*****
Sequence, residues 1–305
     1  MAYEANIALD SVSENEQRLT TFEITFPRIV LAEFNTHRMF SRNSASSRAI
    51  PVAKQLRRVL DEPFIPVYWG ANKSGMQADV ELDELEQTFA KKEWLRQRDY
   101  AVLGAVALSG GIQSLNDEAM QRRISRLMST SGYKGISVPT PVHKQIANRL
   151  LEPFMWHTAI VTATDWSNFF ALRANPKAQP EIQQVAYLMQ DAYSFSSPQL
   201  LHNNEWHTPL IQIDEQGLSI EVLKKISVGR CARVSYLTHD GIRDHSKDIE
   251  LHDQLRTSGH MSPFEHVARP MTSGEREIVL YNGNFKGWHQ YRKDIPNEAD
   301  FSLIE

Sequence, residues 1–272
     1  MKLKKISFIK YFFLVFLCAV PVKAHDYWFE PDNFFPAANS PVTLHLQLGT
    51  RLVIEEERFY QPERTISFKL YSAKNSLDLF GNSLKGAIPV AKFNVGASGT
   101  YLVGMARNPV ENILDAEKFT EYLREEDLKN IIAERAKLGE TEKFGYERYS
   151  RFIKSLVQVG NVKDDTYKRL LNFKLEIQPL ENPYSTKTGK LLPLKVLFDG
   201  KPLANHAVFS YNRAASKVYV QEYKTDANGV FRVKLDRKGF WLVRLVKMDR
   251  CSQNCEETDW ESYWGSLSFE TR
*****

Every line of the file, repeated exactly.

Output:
Sequence, residues 1–305
     1  MAYEANIALD SVSENEQRLT TFEITFPRIV LAEFNTHRMF SRNSASSRAI
    51  PVAKQLRRVL DEPFIPVYWG ANKSGMQADV ELDELEQTFA KKEWLRQRDY
   101  AVLGAVALSG GIQSLNDEAM QRRISRLMST SGYKGISVPT PVHKQIANRL
   151  LEPFMWHTAI VTATDWSNFF ALRANPKAQP EIQQVAYLMQ DAYSFSSPQL
   201  LHNNEWHTPL IQIDEQGLSI EVLKKISVGR CARVSYLTHD GIRDHSKDIE
   251  LHDQLRTSGH MSPFEHVARP MTSGEREIVL YNGNFKGWHQ YRKDIPNEAD
   301  FSLIE

Sequence, residues 1–272
     1  MKLKKISFIK YFFLVFLCAV PVKAHDYWFE PDNFFPAANS PVTLHLQLGT
    51  RLVIEEERFY QPERTISFKL YSAKNSLDLF GNSLKGAIPV AKFNVGASGT
   101  YLVGMARNPV ENILDAEKFT EYLREEDLKN IIAERAKLGE TEKFGYERYS
   151  RFIKSLVQVG NVKDDTYKRL LNFKLEIQPL ENPYSTKTGK LLPLKVLFDG
   201  KPLANHAVFS YNRAASKVYV QEYKTDANGV FRVKLDRKGF WLVRLVKMDR
   251  CSQNCEETDW ESYWGSLSFE TR